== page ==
With proliferation of resistant weed varieties in cropland across much of the South, and the need to increase the number of herbicide modes of action on cotton, corn and soybeans, farmers are scrambling to find a safe way to treat their crops without the high risk of contaminating other crops sensitive to specific chemicals required for a multi-mode weed management program.
"The problem is this: some plants are tolerant to glyphosate and/or glufosinate herbicide, and some fields are tolerant to the use of 2, 4-D, dicamba, and FOP herbicides, or a combination of herbicides used in rotation within a crop. But when farmers alternate chemicals of different modes of action, they run the risk of endangering susceptible crops in adjacent fields," said Ray Smith, Chairman of the Board of the Texas Plant Protection Association (TPPA), and a primary figure behind an effort to find a safe method to use a multi-mode of action weed plan in Texas—without the high risk of exposure to crops that are not tolerant by using the Flag the Technology app program.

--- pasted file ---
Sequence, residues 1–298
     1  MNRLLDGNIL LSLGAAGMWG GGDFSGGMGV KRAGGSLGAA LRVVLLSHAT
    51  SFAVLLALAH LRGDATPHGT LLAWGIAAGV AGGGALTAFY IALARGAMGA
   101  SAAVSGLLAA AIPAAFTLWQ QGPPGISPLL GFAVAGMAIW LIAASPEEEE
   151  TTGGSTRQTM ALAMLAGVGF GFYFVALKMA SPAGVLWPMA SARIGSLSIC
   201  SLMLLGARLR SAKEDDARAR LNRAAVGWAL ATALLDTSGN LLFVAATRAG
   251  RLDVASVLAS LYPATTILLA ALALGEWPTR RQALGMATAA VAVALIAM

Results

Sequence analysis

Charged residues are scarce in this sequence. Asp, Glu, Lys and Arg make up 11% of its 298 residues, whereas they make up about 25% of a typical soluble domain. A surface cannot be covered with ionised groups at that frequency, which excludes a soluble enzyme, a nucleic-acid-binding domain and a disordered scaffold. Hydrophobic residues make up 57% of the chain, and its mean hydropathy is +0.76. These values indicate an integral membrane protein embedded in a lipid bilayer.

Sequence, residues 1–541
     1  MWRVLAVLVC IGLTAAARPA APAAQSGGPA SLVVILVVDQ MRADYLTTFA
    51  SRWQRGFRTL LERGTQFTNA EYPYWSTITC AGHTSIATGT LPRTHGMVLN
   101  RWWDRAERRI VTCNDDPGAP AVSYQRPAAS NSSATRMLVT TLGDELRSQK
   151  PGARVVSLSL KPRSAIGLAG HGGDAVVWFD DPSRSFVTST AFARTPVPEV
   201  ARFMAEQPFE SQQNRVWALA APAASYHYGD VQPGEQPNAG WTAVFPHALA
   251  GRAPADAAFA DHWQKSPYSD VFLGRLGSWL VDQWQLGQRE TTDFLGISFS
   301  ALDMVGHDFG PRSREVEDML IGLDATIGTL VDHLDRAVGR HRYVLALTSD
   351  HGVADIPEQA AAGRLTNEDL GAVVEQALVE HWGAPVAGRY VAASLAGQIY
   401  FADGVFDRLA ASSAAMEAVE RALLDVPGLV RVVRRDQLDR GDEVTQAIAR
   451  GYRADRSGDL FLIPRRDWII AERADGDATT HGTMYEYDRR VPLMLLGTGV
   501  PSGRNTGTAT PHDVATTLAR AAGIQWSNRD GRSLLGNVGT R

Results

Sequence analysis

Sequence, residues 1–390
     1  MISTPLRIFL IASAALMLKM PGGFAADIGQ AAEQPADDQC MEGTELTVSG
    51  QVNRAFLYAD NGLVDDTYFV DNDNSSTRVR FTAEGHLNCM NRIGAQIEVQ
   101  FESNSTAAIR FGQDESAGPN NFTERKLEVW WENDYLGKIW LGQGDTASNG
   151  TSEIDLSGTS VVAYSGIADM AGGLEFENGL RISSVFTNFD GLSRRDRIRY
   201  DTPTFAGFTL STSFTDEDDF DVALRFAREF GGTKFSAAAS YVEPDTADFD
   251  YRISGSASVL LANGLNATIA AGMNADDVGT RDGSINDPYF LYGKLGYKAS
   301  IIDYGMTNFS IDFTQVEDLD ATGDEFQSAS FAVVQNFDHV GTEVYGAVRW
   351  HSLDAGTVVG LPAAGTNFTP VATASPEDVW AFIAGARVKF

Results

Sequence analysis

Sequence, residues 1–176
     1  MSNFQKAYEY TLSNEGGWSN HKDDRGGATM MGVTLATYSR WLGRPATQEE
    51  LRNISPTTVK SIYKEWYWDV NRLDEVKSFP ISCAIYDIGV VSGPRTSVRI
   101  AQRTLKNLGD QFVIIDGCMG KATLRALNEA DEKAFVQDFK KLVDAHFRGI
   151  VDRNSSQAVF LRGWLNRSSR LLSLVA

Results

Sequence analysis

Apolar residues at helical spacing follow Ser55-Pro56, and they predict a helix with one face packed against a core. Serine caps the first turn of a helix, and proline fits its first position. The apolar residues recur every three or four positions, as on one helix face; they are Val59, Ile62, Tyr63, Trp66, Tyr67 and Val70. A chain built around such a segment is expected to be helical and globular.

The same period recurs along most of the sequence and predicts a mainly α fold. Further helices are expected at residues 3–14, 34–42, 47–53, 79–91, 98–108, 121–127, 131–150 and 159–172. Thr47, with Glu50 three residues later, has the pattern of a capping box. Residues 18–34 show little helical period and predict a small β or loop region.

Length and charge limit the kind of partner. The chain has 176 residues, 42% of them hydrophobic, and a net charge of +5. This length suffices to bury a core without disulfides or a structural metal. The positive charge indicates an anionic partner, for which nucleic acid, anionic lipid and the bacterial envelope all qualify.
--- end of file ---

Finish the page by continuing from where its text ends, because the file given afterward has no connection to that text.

Smith said months of research and planning went into development of a system designed to help farmers track their fields (or their neighbors fields) to identify whether they are safe for application of new multiple modes of action or not.
FLAG THE TECHNOLOGY
That research has developed into a free Flag the Technology smart phone app that can help farmers adopt a weed management plan based upon the type of traits in the crop they are growing. The app will also provide information (colored flags) about which mode of action to use and which to avoid.